Disaster Discourse: The Hagerty Blog

Hurricane Fiona Makes Landfall in Puerto Rico and the Dominican Republic, Bringing Heavy Rainfall and Extreme Flooding


According to the National Oceanic and Atmospheric Administration (NOAA) National Hurricane Center (NHC), Hurricane Fiona, a Category (Cat) 1 hurricane, has made landfall in the Dominican Republic and is moving northwest at 8 miles per hour (mph), with maximum sustained winds of 90 mph, as of 8:00 a.m. Atlantic Standard Time (AST). Currently the storm is located over Samana, Dominican Republic and hurricane force winds reach outward up to 30 miles from the center of the storm

The NHC has noted Fiona is projected to strengthen over the next two days and possibly become a major hurricane by Wednesday of this week. On Sunday, September 18, Hurricane Fiona brought heavy rain, flash and urban flooding, and high winds to Puerto Rico where it made landfall near Punta Tocon on the southwestern coast at 3:20 p.m. AST. Consequently, the storm knocked out Puerto Rico’s power grid. According to Poweroutage.us, over 1.3 million customers do not have power. On Sunday morning, President Biden approved an emergency declaration for Puerto Rico, giving Federal assistance to the ongoing response efforts of the Commonwealth.

Hurricane Fiona – GeoColor: NOAA

The NHC predicts hurricane conditions to continue to spread across portions of the Dominican Republic throughout the day today and into tonight. Eastern areas of the Dominican Republic may experience similar conditions as Puerto Rico, mainly flooding as well as potential mudslides and landslides, with the potential for upwards of 15 inches of rain. According to the NHC, Hurricane Fiona is expected to strengthen after moving away from the Dominican Republic. Hurricane conditions are expected in the Turks and Caicos on Tuesday with the southeastern Bahamas expecting tropical storm conditions later today or early tomorrow, Tuesday, September 20. 


While Hurricane Fiona remained only a Cat 1 hurricane as it passed over Puerto Rico, the Saffir-Simpson Hurricane Wind Scale, which categorizes hurricanes, only accounts for sustained wind speed and does not consider other impacts like rainfall. In a bulletin published at 2:00 p.m. AST on Sunday, NOAA’s NHC predicted 12 to 16 inches of rain with a maximum of 25 inches, particularly across eastern and southern parts of the island. Due to this rainfall, the NHC also predicted “life-threatening and catastrophic flash and urban flooding, along with mudslides and landslides.”. Hundreds of people have been evacuated across the island; however, all flights out of the Luis Muñoz Marín International Airport in San Juan were canceled as of Sunday morning. A temporary bridge located in a central mountain town called Utuado installed after Hurricane Maria – which impacted Puerto Rico on September 20, 2017 almost exactly 5 years ago – was completely washed away yesterday as it was overwhelmed by rushing river waters.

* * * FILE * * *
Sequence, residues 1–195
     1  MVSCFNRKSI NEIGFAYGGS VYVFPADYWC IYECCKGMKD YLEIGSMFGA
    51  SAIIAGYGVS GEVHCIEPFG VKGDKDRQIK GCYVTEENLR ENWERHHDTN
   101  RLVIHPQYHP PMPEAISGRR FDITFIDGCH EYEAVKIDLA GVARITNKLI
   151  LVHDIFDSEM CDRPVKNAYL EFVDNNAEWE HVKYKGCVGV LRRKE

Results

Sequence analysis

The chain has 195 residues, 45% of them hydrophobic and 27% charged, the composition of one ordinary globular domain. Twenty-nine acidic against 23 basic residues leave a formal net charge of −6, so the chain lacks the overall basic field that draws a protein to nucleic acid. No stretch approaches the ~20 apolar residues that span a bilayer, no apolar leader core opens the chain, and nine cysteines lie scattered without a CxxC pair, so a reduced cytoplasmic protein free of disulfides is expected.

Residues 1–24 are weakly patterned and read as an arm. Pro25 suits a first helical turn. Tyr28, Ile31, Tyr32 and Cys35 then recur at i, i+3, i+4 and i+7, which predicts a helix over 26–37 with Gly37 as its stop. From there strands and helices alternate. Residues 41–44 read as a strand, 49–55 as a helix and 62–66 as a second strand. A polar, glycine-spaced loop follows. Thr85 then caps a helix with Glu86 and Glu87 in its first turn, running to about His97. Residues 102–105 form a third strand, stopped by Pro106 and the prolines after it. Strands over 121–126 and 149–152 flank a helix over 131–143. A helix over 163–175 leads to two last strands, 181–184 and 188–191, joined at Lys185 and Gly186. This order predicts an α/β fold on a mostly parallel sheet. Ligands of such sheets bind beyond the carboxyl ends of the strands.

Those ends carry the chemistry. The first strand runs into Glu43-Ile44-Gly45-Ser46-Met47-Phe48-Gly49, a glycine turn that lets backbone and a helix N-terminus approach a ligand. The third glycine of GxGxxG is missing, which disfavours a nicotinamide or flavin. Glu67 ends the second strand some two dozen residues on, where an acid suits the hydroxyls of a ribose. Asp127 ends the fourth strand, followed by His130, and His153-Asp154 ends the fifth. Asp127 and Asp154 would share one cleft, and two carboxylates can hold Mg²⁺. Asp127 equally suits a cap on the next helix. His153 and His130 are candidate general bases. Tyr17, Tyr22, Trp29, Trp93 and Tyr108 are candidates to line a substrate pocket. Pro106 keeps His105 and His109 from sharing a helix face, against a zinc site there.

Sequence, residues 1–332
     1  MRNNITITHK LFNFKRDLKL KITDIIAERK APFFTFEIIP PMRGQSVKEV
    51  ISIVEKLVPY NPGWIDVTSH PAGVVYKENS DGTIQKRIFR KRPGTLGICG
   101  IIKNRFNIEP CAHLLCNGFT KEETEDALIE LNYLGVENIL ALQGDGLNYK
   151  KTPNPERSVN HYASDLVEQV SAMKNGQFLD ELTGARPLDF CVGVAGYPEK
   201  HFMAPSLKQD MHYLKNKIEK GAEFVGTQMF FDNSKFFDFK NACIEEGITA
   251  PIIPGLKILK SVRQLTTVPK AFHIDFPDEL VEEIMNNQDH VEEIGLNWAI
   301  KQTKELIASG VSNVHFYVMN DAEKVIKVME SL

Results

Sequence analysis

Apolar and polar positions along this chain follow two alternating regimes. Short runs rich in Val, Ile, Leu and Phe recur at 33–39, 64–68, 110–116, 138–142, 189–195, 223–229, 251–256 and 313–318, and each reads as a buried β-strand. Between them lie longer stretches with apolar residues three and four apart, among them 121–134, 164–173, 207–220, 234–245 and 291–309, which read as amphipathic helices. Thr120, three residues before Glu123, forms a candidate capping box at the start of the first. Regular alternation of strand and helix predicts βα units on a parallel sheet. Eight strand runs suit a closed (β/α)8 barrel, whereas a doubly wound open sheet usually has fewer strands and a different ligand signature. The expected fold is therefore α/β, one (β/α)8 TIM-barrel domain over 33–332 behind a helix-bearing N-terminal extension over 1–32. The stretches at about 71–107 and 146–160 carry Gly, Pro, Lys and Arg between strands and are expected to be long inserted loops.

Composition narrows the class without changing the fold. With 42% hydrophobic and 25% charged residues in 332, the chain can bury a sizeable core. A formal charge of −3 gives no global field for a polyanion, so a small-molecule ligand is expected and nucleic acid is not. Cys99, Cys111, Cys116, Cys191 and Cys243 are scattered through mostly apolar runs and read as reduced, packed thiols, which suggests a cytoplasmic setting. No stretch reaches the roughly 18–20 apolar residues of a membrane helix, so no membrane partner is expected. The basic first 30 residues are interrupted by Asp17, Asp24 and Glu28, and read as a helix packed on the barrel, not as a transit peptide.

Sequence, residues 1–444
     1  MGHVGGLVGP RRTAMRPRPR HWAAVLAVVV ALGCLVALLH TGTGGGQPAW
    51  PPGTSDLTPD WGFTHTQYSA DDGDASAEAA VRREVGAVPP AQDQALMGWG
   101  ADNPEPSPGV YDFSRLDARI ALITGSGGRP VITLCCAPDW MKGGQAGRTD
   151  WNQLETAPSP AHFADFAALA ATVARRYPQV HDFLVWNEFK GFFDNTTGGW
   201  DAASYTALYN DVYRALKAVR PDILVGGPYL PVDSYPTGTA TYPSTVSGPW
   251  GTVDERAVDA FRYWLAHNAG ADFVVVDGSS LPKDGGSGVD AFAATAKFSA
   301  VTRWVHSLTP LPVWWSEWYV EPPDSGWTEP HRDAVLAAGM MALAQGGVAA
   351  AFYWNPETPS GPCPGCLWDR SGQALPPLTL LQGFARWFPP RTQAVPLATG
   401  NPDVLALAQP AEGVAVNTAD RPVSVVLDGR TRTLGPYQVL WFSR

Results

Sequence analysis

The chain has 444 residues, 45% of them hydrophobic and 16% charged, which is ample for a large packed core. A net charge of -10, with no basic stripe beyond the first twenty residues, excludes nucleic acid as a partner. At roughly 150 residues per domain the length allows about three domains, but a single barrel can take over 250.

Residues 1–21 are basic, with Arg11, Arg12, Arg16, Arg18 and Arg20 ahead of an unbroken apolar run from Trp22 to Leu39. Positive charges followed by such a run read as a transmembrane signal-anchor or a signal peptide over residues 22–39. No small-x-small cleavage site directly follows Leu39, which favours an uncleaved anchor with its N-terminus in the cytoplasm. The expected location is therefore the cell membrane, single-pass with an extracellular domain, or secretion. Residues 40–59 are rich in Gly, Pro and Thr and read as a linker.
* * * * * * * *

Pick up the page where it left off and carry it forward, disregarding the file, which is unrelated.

The entire island of Puerto Rico has been without power since Sunday afternoon after several transmission line outages led to an island-wide power outage. Luma, the private consortium managing the electrical transmission and distribution system in Puerto Rico, confirmed on its website that due to the scope of the outage and the continuing hazardous weather conditions, full restoration may take several days. As of early Monday morning, some power has been restored to San Juan’s medical complex, the island’s primary hospital system. While the center of Hurricane Fiona has moved past Puerto Rico, and is now centered around the eastern part of the Dominican Republic, the outer bands of the storm continue to affect Puerto Rico and the Virgin Islands with heavy rains.

NOAA Guidance Flood Safety: Source

The Federal Emergency Management Agency (FEMA) encourages individuals to take the necessary precautions and prepare for flash flooding. It’s imperative to remember that flash floods can develop with little to no warning, quickly changing the surrounding area. FEMA suggests individuals seek higher ground, avoid walking or driving in flood waters, and heed the warnings of local authorities. Additionally, the National Weather Service (NWS) offers advice and guidance for those about to experience, currently impacted by, or previously affected by tropical storms and hurricanes. Individuals at risk are encouraged to secure their home, remain up-to-date with information from their local NWS office and local government/emergency management office, and follow guidance issued by local officials.

During a Landslide: Source

Ready.gov provides information on how to prepare for, recognize warning signs, react to, and recover from mud and landslides and debris flows. It is important to understand the warning signs of both fast and slow moving landslides. 

The Hagerty Blog Team will continue providing information and updates.